Luiperd-Brulpadda Gas Project Progresses in South Africa

The Luiperd and Brulpadda gas fields to attract investors and help fuel economic growth.

By Chriselle Moraes on
22nd August 2022

The Luiperd-Brulpadda Gas Project will develop the Luiperd and Brulpadda gas condensate fields in Block 11B/12B in the Outeniqua Basin, which is 175 kilometres offshore from the southern coast of South Africa. The block covers an area of 19,000 square kilometres and lies at depths of 200 to 1,800 metres.
The Luiperd field contains about 2.1 trillion cubic feet (ft³) of gas and 112 million barrels of condensate. In comparison, Brulpadda holds 1.3 trillion cubic feet of gas and 80 million barrels of condensate, Petroleum Agency SA (PASA) estimates. The block is expected to produce its first gas by the end of 2025 or 2026, according to the CEO of Petroleum Agency SA (PASA), Phindile Masangane.
TotalEnergies operate the Luiperd-Brulpadda gas fields with a working interest of 45%. Qatar Petroleum holds a 25% stake, Canadian Natural Resources 20%, and Main Street holds 10%. The Brulpadda gas and condensate discovery was announced in February 2019, followed by the Luiperd discovery in October 2020.

TotalEnergies plans to fast-track production of the Luiperd discovery by linking it via pipeline to an existing offshore production platform run by the Petroleum Oil and Gas Corporation of South Africa (PetroSA).
TotalEnergies will apply for production rights for the block before the expiration of their exploration rights at the end of September.

To qualify for production rights, they must show evidence of proven petroleum resources and a field development plan and establish finances and technical capability to implement the plan. They are also required to inform PASA of in-principle gas and condensate offtake arrangements.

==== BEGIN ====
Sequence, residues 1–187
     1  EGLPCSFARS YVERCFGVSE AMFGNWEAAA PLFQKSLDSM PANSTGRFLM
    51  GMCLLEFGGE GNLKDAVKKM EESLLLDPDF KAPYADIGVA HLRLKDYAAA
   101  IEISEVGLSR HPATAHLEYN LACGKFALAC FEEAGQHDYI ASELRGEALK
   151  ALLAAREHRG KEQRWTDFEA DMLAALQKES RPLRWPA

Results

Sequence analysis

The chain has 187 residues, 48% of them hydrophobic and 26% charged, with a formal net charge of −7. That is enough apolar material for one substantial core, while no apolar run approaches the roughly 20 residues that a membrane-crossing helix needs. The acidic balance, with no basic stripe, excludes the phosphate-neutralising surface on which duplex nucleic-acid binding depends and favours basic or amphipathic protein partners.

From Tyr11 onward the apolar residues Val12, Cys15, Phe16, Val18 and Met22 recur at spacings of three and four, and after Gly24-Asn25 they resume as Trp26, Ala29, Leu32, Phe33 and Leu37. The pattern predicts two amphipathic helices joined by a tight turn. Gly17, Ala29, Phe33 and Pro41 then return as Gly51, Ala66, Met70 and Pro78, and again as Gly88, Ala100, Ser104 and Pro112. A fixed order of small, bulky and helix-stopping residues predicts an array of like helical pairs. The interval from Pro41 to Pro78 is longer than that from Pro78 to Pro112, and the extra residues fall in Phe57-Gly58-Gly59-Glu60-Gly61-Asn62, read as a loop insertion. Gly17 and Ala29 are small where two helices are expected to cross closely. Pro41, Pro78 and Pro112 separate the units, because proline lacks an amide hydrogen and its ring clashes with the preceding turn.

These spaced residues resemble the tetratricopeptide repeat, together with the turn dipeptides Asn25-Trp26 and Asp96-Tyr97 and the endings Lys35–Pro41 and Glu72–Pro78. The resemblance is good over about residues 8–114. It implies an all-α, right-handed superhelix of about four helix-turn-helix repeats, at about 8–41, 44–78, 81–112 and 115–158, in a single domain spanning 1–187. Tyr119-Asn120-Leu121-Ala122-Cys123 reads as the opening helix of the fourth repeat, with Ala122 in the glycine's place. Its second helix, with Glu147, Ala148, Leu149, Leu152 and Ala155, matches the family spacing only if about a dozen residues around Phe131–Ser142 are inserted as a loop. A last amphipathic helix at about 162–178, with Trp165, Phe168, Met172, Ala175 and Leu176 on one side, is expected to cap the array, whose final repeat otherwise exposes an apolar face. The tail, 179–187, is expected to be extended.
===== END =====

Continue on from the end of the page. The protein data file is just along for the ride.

Project development will be in two phases. Phase 1 will drill three gas-producing wells at Luiperd field. An early production system will develop the wells and will connect to the existing F-A gas production platform operated by PetroSA. The gas produced will be sent to PetroSA’s gas-to-liquid (GTL) refinery at Mossel Bay in South Africa's Western Cape province, for further processing.  

Phase 2 will involve the drilling of 17 wells and the construction of another gas production facility. This facility will process more than twice the gas and condensate volumes processed by the existing F-A platform.

Field development will include installing a sub-sea production system, including a pipeline end termination (PLET) and manifold and sub-sea umbilicals, risers and flow lines (SURF), and pipelines.
Odfjell Drilling’s Deepsea Stavanger rig drilled the discovery wells. That was part of its multi-year exploratory contract on the Outeniqua Basin with Total.

Major benefits of this project include a reduction in South Africa’s dependence on gas imports and an alternative to coal-dominated energy production.

The feedstock from the project will be supplied to PetroSA’s GTL refinery, which is one of the primary revenue generators for PetroSA.  

They currently face issues sourcing natural gas and rely heavily on expensive condensate imports. The project will help keep this refinery active.

The gas generated from the project will be sent to state-owned Eskom’s 740-megawatt Gourikwa oil-fired power plant through a 90-kilometre pipeline for power generation.

It will also be used in the petrochemical manufacturing industry. These oil discoveries are expected to attract the country’s new oil and gas companies and foreign investors.  

Photo: The Deepsea Stavanger semi-submersible rig, used for drilling the Luiperd and Brulpadda fields (

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